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Mentor Advice

Question

How do you feel you were viewed abroad?

12 Replies from Mentors

  • mentor picture LaNitra Berger
     
    LaNitra Berger
    Senior Manager of Research and Policy
    NAFEO
    It depends on where I was studying. In Europe, people were curious about the black experience...
    It depends on where I was studying. In Europe, people were curious about the black experience in America. In South Africa, blacks expressed a sense of racial solidarity and whites were interested in discussing American politics since I was there shortly after the Iraq war began. I think that people were very curious about my background. I didn’t look like they expected a black person to look, so they often assumed that I was from somewhere other than the United States. In general, people were friendly and wanted me to tell them about life in America. I had the most difficult experiences in Germany, where I experienced some “anti-foreigner” discrimination. Even though it was scary to be confronted by people who disliked me because of my skin color, my experiences made me a stronger person. And, I still had a wonderful time in Germany, where I met some of my best friends and learned a lot about the country’s history and culture.
  • mentor picture Kenya Casey
     
    Kenya Casey
    Study Abroad Advisor
    Emory University
    Each experience in the countries I visited varied. However, for the most part when I travel...
    Each experience in the countries I visited varied. However, for the most part when I travel abroad, most people do not believe me when I say I am African American. Very few people in the places that I have visited have had encounters with an African American. Hence, being educated and well traveled, I am sometimes viewed as the exception to the rule. It has been my experience that in many countries the only images that people see of African Americans is via music videos, movies and other forms of the media. Therefore I try to educate, dispel the myths and break down the stereotypes of my culture that are perpetuated in the media.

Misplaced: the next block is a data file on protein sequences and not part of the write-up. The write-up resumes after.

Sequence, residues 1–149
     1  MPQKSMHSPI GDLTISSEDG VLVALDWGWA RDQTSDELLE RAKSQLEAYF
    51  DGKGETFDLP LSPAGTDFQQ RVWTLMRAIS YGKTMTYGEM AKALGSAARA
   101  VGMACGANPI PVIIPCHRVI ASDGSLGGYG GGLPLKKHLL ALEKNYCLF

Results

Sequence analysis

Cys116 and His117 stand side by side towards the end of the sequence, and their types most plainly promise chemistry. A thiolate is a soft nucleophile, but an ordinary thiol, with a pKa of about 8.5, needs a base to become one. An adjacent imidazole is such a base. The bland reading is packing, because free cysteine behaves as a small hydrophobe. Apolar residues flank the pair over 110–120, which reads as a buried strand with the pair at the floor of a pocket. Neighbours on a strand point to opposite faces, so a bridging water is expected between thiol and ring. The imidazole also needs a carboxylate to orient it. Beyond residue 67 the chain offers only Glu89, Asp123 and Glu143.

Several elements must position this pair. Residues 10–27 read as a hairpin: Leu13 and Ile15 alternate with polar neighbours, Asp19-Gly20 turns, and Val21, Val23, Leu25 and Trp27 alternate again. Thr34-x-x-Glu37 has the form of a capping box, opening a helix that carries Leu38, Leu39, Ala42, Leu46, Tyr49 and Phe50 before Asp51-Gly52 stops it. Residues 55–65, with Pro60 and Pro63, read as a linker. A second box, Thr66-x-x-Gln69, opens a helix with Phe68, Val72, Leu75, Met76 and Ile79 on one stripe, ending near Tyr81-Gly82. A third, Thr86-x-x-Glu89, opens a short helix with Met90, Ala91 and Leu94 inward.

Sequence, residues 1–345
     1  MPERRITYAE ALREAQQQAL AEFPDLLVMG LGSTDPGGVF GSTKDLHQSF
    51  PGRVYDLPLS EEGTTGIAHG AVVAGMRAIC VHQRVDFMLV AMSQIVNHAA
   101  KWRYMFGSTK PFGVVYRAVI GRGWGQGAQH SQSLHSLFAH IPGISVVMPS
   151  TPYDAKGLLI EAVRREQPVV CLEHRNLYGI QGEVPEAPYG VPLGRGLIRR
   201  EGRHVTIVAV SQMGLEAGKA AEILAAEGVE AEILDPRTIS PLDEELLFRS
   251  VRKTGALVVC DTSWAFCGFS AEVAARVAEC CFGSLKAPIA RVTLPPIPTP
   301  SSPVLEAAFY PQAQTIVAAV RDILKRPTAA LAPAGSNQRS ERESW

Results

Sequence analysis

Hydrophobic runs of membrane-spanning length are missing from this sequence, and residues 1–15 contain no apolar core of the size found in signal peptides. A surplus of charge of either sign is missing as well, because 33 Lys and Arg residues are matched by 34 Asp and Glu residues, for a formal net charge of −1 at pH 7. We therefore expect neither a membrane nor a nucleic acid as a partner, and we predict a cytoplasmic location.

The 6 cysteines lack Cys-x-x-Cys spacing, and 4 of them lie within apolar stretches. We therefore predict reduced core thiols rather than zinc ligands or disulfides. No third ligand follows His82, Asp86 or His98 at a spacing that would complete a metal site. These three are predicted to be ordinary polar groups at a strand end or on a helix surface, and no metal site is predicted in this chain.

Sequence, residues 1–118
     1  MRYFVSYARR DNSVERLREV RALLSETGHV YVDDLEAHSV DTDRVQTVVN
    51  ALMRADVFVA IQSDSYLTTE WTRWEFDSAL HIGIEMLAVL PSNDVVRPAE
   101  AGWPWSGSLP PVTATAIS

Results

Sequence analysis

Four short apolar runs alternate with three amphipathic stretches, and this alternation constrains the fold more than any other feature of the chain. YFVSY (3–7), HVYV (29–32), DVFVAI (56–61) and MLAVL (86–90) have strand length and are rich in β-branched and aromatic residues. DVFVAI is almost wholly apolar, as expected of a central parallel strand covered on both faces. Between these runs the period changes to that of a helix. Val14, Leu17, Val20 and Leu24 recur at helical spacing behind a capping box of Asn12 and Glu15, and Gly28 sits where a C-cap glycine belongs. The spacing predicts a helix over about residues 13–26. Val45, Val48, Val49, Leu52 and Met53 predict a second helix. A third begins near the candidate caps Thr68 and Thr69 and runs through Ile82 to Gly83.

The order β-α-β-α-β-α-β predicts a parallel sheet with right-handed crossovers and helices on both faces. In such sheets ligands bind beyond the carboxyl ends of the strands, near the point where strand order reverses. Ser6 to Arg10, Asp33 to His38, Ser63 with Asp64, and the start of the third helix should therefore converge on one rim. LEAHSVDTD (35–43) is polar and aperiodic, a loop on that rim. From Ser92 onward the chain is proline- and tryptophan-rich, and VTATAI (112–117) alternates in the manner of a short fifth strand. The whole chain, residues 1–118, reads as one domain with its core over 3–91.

• mentor picture Tony Laing
     
    Tony Laing
    Ph.D. Candidate at Education Policy Studies and AFRO Studies
    University of Illinois – Urbana, Champaign
    I was viewed differently in each place visited. For example, in Ghana I was called a “Diaspora”...
    I was viewed differently in each place visited. For example, in Ghana I was called a “Diaspora” – Black American who had returned home; In South Africa, I was seen as a rich (privileged) black American and in Mozambique, I was called a foreigner. All three places visited yielded a different response and or opinion by some individuals. However, despite these varying views, I still had an amazing time, and learned a lot of about myself in the process during my travels.
  • mentor picture Malaika Marable Serrano
     
    Malaika Marable Serrano
    Assistant Director of Global Communities
    University of Maryland
    In all three locations, I wore my hair in long braids. Few Venezuelans wear braids and so...
    In all three locations, I wore my hair in long braids. Few Venezuelans wear braids and so many people thought that I was from Trinidad and Tobago or another Caribbean island. However, when I took my braids out, everyone thought that I was Venezuelan.

    In Brazil, I was in the North–East, which has a large population of people of African descent. I didn't speak Portuguese very well, so people assumed that I was from the U.S.

    In Australia, everyone assumed that I was American with one exception. Once, I attended a rodeo with some friends in a rural part of New South Wales. As I was walking past a group of young men, I overheard one of them say, "You reckon she's Aboriginal, mate?" This still makes me laugh.

    One of the biggest take–aways from my experience in Australia, was that I began to identify of myself as an American. Of course, people could see right away that I was African–American, but they always referred to me as "the American" and lumped me together with my white American study abroad colleagues. This was eye–opening and refreshing.

  • mentor picture Anthony Yuen
     
    Anthony Yuen
    Outreach, Communications & Marketing
    Summer Sessions, Study Abroad & Lifelong Learning
    As the son of a Chinese American father and a German mother, I've had a lot of...
    As the son of a Chinese American father and a German mother, I've had a lot of interesting experiences that have made me reflect on my own identity, heritage, and culture. For example, in Singapore Chinese acquaintances expressed curiosity over my background, asking why I wasn't able to speak Cantonese (as fourth-generation Chinese American, my father's family speaks mostly English now). At the train station in Calais, France, an elderly English woman told me I was lucky that I had "round eyes." In Turkmenistan, I escaped being identified as an American (though I doubt anyone mistook me for Turkmen). Finally, while waiting in the London tube station in 2006 with my travel backpack, a pair of English men made uncomfortable comments comparing me and the three British youth who detonated their explosive-filled backups earlier that year.
 
 
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